New car review: Ford Mustang GT Convertible
Ford’s Mustang GT Convertible might just be the best Sunday cruiser this side of a Harley-Davidson.
The USA’s notoriously litigious culture has led its car makers to adopt the practice of placing prominent warning labels on various parts of their vehicles, advising consumers about all manner of operational risks.
Given this, it strikes us that the Ford Mustang GT convertible should come with a warning that it’s “Not suitable for shy retiring types”, lest the attention it generates prompts an anxiety attack.
With its bodacious V8 soundtrack, head-turning looks and range of eye-popping colours – including such garish hues as Twister orange and Grabber lime – this modern manifestation of Ford’s legendary Pony Car is no place for shrinking violets.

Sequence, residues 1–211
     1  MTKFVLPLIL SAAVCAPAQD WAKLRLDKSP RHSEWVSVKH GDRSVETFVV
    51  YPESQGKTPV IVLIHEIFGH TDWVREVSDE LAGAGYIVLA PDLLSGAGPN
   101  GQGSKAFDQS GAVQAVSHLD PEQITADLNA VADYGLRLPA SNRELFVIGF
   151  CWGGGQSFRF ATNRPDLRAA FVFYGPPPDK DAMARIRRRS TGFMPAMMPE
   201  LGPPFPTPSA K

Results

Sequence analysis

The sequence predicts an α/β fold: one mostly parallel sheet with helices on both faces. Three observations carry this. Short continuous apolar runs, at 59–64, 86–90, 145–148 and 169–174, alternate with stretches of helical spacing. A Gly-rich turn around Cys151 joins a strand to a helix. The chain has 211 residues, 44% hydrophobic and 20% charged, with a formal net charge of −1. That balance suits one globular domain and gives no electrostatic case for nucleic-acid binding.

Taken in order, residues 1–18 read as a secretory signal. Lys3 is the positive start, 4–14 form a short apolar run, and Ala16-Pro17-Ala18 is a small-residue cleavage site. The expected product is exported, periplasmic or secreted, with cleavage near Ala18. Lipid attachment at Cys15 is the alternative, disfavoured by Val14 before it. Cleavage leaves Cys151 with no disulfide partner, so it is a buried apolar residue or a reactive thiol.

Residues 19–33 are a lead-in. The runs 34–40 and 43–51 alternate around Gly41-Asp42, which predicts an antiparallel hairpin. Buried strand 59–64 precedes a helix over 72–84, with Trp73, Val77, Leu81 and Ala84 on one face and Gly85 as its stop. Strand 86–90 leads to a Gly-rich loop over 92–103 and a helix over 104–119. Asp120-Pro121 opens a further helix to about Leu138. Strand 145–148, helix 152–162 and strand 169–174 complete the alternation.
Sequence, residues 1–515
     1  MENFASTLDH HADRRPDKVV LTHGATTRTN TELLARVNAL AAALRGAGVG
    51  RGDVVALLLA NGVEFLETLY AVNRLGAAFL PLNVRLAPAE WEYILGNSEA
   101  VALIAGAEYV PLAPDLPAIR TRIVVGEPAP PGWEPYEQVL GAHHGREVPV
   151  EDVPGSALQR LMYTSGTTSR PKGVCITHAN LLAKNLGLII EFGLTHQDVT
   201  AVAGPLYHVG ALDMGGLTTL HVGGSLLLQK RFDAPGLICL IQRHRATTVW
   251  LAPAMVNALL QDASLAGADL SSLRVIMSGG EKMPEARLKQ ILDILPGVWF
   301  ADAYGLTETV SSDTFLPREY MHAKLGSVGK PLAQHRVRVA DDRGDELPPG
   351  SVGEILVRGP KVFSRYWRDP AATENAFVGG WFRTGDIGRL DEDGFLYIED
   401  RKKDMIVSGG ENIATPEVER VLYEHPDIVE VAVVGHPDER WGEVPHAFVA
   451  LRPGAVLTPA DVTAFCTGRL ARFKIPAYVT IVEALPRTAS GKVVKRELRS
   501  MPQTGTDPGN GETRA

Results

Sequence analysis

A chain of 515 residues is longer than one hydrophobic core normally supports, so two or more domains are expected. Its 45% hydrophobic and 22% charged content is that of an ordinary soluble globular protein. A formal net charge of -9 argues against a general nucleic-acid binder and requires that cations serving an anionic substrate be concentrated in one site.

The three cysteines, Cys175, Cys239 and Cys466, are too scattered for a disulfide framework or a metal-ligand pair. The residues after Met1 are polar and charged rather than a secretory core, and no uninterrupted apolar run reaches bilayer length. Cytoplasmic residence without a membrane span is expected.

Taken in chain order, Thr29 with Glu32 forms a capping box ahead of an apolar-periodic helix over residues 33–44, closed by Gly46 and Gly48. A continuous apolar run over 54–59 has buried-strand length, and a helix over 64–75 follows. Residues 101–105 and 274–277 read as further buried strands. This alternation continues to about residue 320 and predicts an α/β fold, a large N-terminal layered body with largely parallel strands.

Given the enduring design legacy of the ’65 original, it would be easy to assume that Mustangs have always looked this good. But trust us when we tell you there have been some serious aberrations over the years; Google the 1974 Ford Mustang II if you don’t believe us.
But with its trademark shark-like snout, short deck lid, coke-bottle hips, and muscular guards that only just manage to house its big black-gloss 19-inch alloy wheels, this sixth-generation Mustang is a wonderful return to form.
It has also provided a wonderful fillip to Ford Australia’s passenger car line-up, following the demise of locally manufactured performance Falcons.
Performance is of course at the heart of the Mustang mystique, along with styling, and with its distinctive woofling V8 note, the Mustang’s potent 5.0-litre V8 is every bit as audacious as the car’s instantly recognisable exterior design.
Of course, the exhaust note is the same whether you choose a V8 coupe or convertible, but what better way to drink in one of the best-sounding naturally aspirated bent eight warbles on the planet than to swiftly drop the electric ragtop and get some wind in your toupee.